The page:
Further, setting aside any representations that the Prior Owner may have made to

the Bottinis, there is no evidence that the City informed the Bottinis before they

purchased the property that they could demolish the Windemere and construct a residence

without undergoing environmental review. This case thus stands in contrast to Lockaway

Storage v. County of Alameda (2013) 216 Cal.App.4th 161 (Lockaway), on which the

Bottinis rely. In that case, the County of Alameda informed a storage facility operator

that it could build and operate a self-storage facility on a property that the operator had

not yet acquired. (Id. at p. 168.) The operator then purchased the property and, after

several years, the County reversed its stance. (Id. at p. 186.) On these facts, the court

found that the operator had a reasonable investment-backed expectation. (Id. at pp. 185-

186.) In this case, by contrast, there is no evidence suggesting that the Bottinis purchased

the property in reliance on any representation made by the City.

In fact, at the time the Bottinis purchased the property, the Prior Owner's

nomination for the Windemere's designation as a historical resource was still pending

before the Board. Thus, when the Bottinis purchased the property, it was still possible

40
that the Board would grant historical designation to the Windemere—and indeed, it

nearly did. If that had happened, the Bottinis very likely would not have been able to

demolish the Windemere and construct a new residence without satisfying the Municipal

Code nuisance abatement procedures applicable to structures that have been designated

as historical resources (Mun. Code, § 121.0419) and/or undergoing a full CEQA review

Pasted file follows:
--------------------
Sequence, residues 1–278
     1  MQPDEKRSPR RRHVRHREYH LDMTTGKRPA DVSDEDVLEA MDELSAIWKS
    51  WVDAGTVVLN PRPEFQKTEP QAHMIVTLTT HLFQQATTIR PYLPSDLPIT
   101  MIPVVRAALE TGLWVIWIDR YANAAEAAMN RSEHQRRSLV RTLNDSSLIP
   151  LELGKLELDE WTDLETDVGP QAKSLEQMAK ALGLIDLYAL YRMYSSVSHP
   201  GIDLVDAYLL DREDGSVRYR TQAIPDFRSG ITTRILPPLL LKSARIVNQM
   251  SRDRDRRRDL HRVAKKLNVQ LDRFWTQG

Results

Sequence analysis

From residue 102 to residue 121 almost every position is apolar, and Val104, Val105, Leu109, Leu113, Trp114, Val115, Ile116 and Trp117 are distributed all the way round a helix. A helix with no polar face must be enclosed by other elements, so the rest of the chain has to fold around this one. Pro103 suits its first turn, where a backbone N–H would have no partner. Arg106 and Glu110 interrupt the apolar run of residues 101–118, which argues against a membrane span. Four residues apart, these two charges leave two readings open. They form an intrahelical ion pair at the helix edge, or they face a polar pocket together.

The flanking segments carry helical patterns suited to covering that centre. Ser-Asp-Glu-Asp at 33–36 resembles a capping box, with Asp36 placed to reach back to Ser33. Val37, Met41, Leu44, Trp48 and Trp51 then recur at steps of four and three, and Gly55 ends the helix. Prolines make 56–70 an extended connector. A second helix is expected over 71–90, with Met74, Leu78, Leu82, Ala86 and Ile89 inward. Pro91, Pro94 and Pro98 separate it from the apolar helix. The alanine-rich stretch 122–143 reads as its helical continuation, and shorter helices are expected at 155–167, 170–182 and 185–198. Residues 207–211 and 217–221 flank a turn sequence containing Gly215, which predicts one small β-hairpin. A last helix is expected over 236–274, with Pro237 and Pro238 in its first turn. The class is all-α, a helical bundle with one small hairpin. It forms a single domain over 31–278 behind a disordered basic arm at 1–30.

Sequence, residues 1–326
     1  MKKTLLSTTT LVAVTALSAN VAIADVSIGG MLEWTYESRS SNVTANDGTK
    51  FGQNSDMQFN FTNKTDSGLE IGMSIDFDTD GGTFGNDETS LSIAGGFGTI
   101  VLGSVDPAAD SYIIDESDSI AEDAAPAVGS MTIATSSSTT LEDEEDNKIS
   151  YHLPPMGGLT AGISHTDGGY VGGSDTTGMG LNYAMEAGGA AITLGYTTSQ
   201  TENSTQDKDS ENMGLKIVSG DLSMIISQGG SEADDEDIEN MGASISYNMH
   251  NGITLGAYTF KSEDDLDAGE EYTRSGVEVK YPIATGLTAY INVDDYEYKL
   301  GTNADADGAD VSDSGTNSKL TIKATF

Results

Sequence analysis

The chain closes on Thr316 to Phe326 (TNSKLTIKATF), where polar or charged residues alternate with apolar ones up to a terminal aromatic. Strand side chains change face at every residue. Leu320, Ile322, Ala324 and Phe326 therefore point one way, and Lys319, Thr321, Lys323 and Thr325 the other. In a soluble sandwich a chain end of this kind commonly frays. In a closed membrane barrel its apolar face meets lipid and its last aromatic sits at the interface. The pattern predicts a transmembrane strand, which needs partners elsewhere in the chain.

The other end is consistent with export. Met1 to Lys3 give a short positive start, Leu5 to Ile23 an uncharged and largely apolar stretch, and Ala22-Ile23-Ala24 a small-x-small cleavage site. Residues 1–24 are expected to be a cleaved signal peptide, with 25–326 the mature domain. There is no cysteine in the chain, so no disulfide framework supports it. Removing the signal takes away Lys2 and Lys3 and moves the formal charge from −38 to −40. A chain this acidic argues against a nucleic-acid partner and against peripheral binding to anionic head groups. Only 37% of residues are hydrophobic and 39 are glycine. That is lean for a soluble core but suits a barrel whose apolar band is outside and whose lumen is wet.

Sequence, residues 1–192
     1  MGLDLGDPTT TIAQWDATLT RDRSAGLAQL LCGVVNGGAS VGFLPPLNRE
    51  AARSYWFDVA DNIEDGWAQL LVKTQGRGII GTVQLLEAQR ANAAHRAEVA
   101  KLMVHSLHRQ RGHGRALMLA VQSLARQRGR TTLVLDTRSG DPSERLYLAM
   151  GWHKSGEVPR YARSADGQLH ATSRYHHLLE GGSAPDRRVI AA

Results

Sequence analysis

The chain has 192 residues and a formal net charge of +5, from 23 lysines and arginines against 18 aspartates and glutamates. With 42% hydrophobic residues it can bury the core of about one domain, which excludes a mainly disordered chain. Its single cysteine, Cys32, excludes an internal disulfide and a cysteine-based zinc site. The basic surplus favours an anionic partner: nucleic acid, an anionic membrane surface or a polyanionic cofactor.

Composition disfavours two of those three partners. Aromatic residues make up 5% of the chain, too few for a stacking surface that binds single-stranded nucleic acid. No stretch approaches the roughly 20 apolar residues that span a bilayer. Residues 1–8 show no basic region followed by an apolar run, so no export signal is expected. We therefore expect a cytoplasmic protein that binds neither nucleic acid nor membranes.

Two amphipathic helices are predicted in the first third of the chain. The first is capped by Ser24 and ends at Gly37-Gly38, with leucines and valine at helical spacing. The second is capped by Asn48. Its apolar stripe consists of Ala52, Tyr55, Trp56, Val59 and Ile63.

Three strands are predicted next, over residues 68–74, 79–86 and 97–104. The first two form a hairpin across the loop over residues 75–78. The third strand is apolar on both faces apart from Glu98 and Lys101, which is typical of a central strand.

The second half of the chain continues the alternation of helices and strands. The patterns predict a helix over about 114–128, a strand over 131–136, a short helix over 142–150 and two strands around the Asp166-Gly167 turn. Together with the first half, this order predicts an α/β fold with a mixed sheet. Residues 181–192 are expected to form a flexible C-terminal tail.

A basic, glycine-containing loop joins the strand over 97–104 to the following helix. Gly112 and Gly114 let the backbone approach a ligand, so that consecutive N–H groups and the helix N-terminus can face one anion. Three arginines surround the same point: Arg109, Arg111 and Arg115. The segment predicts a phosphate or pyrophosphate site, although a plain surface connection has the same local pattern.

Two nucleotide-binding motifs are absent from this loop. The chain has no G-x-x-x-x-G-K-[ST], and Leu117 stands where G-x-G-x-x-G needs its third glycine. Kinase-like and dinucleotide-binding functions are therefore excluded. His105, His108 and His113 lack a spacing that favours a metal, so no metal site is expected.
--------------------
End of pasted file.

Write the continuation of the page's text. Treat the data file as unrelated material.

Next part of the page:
(§§ 21060.5, 21084, subd. (e), 21084.1; Guidelines, § 15300.2, subd. (f)). In addition,

Mr. Bottini himself testified during one of the City Council hearings that he "knew when

[they] bought [the] house . . . it would be well over a year before [they would] be able to

do anything to that house" because of the historical review nomination that was pending

at the time. For all of these reasons, we conclude that the Bottinis lacked a reasonable

and distinct investment-backed expectation.

Finally, the third Penn Central factor requires us to examine the "character" of the

City's action. (Penn Central, supra, 48 U.S. at p. 124.) The Lingle Court explained that

whether the government's conduct "amounts to a physical invasion or instead merely

affects property interests through 'some public program adjusting the benefits and

burdens of economic life to promote the common good'—may be relevant in discerning

whether a taking has occurred." (Lingle, supra, 544 U.S. at p. 539.) In this case, the City

did not physically invade or appropriate the Bottinis' property. Accordingly, this factor

does not support a taking. (Shaw, supra, 170 Cal.App.4th at p. 274 [holding that there

was no regulatory taking, in part, because the government did not physically invade the

property at issue]; Allegretti, supra, 138 Cal.App.4th at p. 1278 [same]; Rancho De

Calistoga v. City of Calistoga (9th Cir. 2015) 800 F.3d 1083, 1091 [same].)

41
"We may dispose of a takings claim on the basis of one or two of [the Penn

Central] factors." (Allegretti, supra, 138 Cal.App.4th at p. 1277.) For the foregoing

reasons—in particular, the lack of a distinct investment-backed expectation—we

conclude that the trial court did not err in granting summary judgment for the City on the